Docker and other container services are appealing for a good reason – they are lightweight and flexible. For many organizations, they enable the next step of platform maturity by reducing the needs of a runtime to the bare essentials (at least, that’s the intent).
When you dig into the benefits afforded by containers, it’s easy to see why so many companies have started projects to:
The software development pattern of small things, loosely coupled, can go even further with an architecture built around containerization.
However, I’ve discovered that there is no shortage of misunderstandings about Docker (no surprise given the rapid growth and pace of change) and other container services in terms of:
Containers certainly offer plenty of benefits, and it makes good sense to explore whether and how they could work for your organization. But it is also a good idea to take off the rose-colored glasses first and approach this technology realistically.
Many organizations today are running tons of AWS instances to spin up new apps, services, databases, etc., and otherwise grow their businesses. While it’s super simple to scale, they’ve realized this comes with various types of overhead:
This can lead to sprawl, inconsistencies in core images, and process and budgetary challenges. Finance wants to know how Ops teams are modeling their growth and spend, security teams are trying to keep their arms around the growth to ensure that the organization is meeting the goals of its security strategy, and engineering wants to know they can get the flexibility they need to deploy new components quickly. At the same time, the business needs to grow.
So a key question becomes: How can we optimize our processes, optimize our AWS environment (to save money), and still do what we need to do?
Docker — at least on the surface — appears to offer an answer to this conundrum.
One common theme I’ve heard from organizations with a lot of AWS instances is the thinking that they can reduce the number of raw instances by increasing the size of individual instances and running containers.
For example, if you have 600 AWS instances that are 1 CPU and 4–5 GB of RAM each, maybe you’re thinking you could use Docker containers to reduce that to 100 instances, with 32 CPUs, and 64GB of RAM. Then you can significantly reduce your AWS costs, since you’ll have fewer instances. Great, right? Well… It’s not that simple.
In the short term, the shift described above may work for some use cases. But in the long term, as with many technology choices, you’re trading one set of complexities for another. Why?
A New Tech Stack
Well, as soon as you start to run containers at scale, you need to invest in a management and orchestration platform to manage your containers and their resources. This requires a whole tech stack of its own.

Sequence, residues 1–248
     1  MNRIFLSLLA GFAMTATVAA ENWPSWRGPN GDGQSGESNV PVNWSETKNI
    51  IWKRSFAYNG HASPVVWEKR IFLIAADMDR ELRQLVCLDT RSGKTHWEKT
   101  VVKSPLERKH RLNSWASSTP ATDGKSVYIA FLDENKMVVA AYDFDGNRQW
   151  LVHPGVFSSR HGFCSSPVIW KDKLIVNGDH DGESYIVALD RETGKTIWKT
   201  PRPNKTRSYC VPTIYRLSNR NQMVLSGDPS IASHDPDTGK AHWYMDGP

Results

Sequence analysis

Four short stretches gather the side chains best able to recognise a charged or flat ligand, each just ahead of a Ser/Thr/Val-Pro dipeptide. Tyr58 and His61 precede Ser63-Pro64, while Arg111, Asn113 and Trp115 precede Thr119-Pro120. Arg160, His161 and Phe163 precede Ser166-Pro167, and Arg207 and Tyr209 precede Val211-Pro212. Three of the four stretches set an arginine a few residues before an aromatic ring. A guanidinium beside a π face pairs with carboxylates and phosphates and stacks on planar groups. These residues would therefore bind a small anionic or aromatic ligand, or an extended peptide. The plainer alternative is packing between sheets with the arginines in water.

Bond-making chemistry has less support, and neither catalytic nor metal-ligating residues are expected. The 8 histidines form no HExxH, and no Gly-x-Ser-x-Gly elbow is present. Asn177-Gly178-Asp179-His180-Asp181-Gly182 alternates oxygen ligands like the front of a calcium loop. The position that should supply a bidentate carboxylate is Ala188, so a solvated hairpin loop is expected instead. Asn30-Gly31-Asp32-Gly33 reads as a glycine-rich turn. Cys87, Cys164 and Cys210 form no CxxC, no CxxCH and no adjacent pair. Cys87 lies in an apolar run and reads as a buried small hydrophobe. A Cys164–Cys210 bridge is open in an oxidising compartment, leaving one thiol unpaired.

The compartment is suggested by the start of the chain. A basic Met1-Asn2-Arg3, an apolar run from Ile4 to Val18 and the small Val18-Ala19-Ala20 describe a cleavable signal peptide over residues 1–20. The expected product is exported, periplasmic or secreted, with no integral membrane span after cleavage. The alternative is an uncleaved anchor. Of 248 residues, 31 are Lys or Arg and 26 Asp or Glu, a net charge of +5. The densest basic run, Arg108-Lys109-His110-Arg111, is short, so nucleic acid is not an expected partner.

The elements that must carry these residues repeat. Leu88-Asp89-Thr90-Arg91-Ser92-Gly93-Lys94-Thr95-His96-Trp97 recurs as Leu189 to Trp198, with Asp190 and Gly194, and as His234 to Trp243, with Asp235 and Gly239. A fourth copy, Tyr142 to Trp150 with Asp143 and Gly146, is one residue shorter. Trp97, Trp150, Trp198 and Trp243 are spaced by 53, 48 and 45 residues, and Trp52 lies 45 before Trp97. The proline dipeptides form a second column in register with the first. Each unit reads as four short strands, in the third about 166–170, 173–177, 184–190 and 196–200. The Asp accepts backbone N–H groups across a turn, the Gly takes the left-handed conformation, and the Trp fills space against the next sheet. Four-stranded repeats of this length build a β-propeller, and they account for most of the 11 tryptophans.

And because container usage patterns are still a relatively new subject, there aren’t a lot of best practices to rely on, so figuring out the strategy will mean continuous iteration towards production and organizational buy-in that this may impact delivery schedules, depending on the implementations.
Obstacles with containers include the following:
As far as that third bullet, today, I am seeing a lot of “Docker rationalization.” By this I mean that a lot of organizations are moving to containers because they can, and figuring out the use cases as they go along. This isn’t an inherently bad thing, but when it comes to determining the impact to your platform’s availability, security, and cost-efficiency, it’s better to lay out a clear set of use cases with goals ahead of time.
While it may make sense on the surface to move your workloads to containers, the devil is always in the details. You need visibility into what exactly is going on in your container, when, and from where. Security can be really challenging when it comes to containers, because there just aren’t tried-and-true best practices that you can rely on yet.
As you scale, you’ll want to understand how to exert appropriate controls over the images you’re using, how they’re built, and the scope of access provided to processes. You should know the answers to questions like these in advance:
Layout out clear answers to these questions at the beginning will help tremendously in keeping your implementation clean and clear.
Companies are opening up about the challenges they are facing with the complexity of containers, and we hear all the time from people who are running into difficult questions such as:
It is important to keep in mind that while Docker can indeed help you run faster, having a powerful engine doesn’t get you far if you don’t have the rest of the car built to support it.
It’s clear that containers are a huge part of the future of cloud infrastructure, however, like any other technology, it should be approached with a healthy mix of optimism and skepticism. If you properly optimize your processes, you’ll be able to fully take-advantage of everything Docker (and other containers) have to offer.
By Chris Gervais